The Fake Loan Modification

Fannie Mae, Freddie Mac and the big banks have instituted an aggressive new loan modification program that has nothing to do with loan modifications. The new scam is designed to keep payments flowing to banks at the expense of mortgagors being sunk with negative amortizations and teaser rates. Hear ye:

The great new and improved big plan to save the housing sector involves giving 40-year terms, adding balances to the end of the loan and offering teaser rates. IT WAS THESE EXACT PRACTICES THAT GOT US HERE IN THE FIRST PLACE! They were called ‘interest only’ and ‘Pay Option ARMs’.

This ‘new’ program is nothing new at all. It is simply an aggregation of a bunch of stuff brought forth previously that just makes everyone renters. The government’s new plan of reducing rates, extending terms and allowing negative amortization is being done primarily to keep borrowers from walking and renting by competing with rentals.

This plan does not solve the problem – that home owners are hopelessly underwater and over-leveraged to their home. They can’t sell or refi. In turn, they are making a wise financial decision and walking away. Negative equity cuts across all loan types and borrower demographics.

Sooner or later, house prices will to collapse. All the king’s horses and all the king’s men cannot stop it. In fact, all the world’s kings couldn’t stop it either. These new programs are swimming upstream in a river of subprime sludge. Witness:

The re-leveraging of the US home owner has begun. It was just reported on CNBC that part of CITI’s plan was to give temporary teaser rates of 1-2% to ‘help’ borrowers avoid foreclosure. I have reported in the past that other banks are opting for this route because it costs them far less than a permanent modification involving principal reduction. But ultimately, this route will lead to lost decades in housing.

Its sad when the only way to ’save’ housing and get borrowers out of default is keep them terribly leveraged by cutting their rates to 1-2%. Exotic loans with teaser rates is what got us here in the first place!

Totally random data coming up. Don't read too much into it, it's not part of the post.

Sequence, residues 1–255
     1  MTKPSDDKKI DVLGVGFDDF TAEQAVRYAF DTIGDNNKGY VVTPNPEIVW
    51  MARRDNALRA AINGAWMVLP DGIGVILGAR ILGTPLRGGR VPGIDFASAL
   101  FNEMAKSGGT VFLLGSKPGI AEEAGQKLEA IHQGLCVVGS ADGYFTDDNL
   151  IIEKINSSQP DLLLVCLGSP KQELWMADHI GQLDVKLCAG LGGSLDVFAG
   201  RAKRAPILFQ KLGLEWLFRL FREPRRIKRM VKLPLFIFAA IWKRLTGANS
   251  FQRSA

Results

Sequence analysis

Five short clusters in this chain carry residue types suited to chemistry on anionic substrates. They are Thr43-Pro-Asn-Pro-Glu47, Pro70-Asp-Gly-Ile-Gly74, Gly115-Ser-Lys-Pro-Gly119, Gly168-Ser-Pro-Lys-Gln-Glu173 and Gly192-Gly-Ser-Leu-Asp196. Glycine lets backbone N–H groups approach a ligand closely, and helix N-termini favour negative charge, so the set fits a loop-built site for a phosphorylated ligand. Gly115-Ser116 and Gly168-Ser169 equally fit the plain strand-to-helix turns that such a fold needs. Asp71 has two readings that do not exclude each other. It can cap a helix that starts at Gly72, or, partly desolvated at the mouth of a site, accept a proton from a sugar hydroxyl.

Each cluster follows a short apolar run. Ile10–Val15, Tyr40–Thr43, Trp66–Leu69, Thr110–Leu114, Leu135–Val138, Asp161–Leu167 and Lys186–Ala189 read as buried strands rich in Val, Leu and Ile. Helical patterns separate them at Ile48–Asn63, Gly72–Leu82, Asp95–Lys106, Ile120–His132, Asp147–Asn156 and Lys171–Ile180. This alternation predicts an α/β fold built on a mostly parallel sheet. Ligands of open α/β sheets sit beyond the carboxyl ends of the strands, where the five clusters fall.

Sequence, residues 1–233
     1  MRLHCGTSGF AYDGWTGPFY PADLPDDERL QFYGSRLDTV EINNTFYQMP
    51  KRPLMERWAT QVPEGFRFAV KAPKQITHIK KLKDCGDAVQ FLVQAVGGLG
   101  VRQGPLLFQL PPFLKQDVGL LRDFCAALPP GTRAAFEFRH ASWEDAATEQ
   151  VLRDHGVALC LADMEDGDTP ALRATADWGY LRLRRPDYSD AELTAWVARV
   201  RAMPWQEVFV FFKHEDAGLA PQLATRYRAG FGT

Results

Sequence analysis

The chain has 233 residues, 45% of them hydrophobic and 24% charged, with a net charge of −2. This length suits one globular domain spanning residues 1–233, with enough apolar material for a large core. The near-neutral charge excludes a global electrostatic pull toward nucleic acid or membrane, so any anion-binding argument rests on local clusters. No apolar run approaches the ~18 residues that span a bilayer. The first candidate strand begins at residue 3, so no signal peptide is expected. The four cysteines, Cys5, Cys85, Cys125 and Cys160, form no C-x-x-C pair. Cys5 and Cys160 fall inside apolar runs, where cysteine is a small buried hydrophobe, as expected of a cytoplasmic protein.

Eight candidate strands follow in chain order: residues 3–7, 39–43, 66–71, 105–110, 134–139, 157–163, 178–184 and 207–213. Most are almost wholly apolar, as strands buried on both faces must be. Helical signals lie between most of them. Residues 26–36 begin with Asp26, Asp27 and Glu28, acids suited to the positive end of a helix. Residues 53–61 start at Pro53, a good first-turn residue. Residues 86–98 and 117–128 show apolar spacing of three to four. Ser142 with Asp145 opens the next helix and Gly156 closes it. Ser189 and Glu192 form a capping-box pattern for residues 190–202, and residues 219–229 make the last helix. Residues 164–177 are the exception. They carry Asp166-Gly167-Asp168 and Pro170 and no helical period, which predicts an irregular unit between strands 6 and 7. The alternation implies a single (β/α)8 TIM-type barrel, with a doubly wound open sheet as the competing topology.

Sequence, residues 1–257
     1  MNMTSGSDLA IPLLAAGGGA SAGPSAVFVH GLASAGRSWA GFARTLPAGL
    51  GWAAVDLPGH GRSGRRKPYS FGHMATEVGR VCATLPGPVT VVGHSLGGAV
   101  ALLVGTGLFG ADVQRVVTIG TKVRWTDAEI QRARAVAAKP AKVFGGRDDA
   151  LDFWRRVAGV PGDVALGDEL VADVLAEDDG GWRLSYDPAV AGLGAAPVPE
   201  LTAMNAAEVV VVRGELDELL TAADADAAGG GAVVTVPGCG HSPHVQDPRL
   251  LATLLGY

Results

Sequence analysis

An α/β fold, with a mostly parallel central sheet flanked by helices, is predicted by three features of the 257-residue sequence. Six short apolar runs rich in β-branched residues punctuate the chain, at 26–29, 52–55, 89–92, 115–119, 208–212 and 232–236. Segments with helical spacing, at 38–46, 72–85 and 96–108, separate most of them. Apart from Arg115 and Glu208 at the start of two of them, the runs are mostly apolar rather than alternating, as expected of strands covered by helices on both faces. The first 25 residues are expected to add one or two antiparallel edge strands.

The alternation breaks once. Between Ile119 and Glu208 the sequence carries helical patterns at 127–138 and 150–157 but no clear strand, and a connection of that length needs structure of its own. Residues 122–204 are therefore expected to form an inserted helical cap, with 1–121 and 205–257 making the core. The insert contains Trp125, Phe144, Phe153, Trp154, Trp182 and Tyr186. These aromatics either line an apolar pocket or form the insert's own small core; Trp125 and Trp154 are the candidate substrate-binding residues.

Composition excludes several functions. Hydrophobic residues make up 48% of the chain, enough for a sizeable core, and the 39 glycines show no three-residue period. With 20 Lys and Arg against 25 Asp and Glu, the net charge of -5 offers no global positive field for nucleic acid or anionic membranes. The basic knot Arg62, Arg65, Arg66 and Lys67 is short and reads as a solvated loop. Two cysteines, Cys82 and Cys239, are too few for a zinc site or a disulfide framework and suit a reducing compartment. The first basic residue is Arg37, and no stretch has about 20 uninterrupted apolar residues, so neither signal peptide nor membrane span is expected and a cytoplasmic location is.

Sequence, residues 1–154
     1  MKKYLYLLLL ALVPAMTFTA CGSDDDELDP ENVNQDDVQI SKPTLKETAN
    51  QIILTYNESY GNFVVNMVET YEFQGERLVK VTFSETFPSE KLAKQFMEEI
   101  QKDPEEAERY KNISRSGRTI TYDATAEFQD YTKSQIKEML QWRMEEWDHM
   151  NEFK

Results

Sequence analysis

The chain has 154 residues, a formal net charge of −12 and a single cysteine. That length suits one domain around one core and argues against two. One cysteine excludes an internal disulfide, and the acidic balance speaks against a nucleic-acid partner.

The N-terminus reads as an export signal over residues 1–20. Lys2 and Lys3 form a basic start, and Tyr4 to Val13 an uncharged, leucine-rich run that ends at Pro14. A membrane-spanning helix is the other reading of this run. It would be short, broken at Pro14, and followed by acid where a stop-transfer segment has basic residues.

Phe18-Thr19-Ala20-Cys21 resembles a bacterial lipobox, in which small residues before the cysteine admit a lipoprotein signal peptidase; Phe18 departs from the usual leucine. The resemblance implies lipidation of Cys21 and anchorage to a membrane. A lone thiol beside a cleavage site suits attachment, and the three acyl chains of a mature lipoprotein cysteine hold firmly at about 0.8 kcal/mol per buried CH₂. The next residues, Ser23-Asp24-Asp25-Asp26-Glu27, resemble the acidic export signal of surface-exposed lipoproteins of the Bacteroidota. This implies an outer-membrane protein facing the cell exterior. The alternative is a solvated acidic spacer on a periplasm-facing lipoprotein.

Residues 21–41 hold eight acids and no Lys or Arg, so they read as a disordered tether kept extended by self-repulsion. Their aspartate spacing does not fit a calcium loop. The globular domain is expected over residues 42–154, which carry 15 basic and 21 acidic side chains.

What is also sad is 1-2% is about the rate needed to compete with the exotic loans given to everyone in the past 6 years. This emphasizes how much leverage is in the housing system. This really does nothing to save housing it just keeps housing propped by allowing the borrowers to stay terribly leveraged.

To date, four banks have joined the new program. Most recently, Citigroup penned its signature to the list:

Citi becomes the fourth major bank to garner press for a pronouncement of mass modifications, and an associated freeze in foreclosures. The FDIC kicked off the loan modification party in August by announcing a plan to refinance troubled homeowners into “affordable” mortgages at IndyMac Federal Bank; Bank of America Corp. (BAC: 17.10 +0.59%), saddled with legal pressure tied to its Countrywide unit, later announced its own $8.4 billion loan modification program/settlement in early October, which is also expected to target 400,000 borrowers. Just last week, JP Morgan Chase & Co. (JPM: 37.19 +7.58%) launched an aggressive loan modification plan estimated to impact roughly $70 billion in mortgages

Similar programs motivated by legislation have shown tepid success slowing down foreclosure rates in California, but they cannot solve the foreclosure crisis.

Foreclosure sales in California dropped a sharp 39.1 percent between September and October, according to a report released by ForeclosureRadar late Wednesday. The drop, however, has largely been ascribed to recent legislation in the state that is effectively stalling most foreclosures amid new borrower notice requirements.

“It would be a mistake to conclude declines in foreclosure activity indicate an end to the foreclosure crisis,” said ForeclosureRadar CEO Sean O’Toole, echoing comments made by many industry observers in recent weeks amid falling foreclosure statistics within the state. But O’Toole also suggested that lenders themselves may be slowing the foreclosure roll within the state, as they look to modify more loans.

And if you believe the lenders are truly concerned about stemming the foreclosure crisis, then you’re just along for the ride they want to take you on.

“While lenders now appear to be embracing the concept of foreclosure moratoriums and loan modifications, neither typically address the core issue of negative equity,” O’Toole said. “Most loan modifications focus on lowering payments to affordable levels by using unsustainably low interest rates, not unlike the ‘teaser rates’ that many have blamed for the current crisis.”

In the end, it comes full circle. Greed led to teaser rates and option ARMs, which led to a credit crisis, to desperation, back to teaser rates and to option ARMs.


1 Comment »

  1. hope002 said

    That is a grim outlook you have there for the future of the housing market though I suppose given the past two years of complete and utter turmoil maybe that assumption is not to far off.

    What do you think about the new Obama Plan known as Make Home Affordable? For those not familliar with the details you can find more information here @

    I hope things start looking up. I enjoyed hearing your perspective on the Mortgage crisis and have gained some perspective. If you ever get a chance check out my blog at

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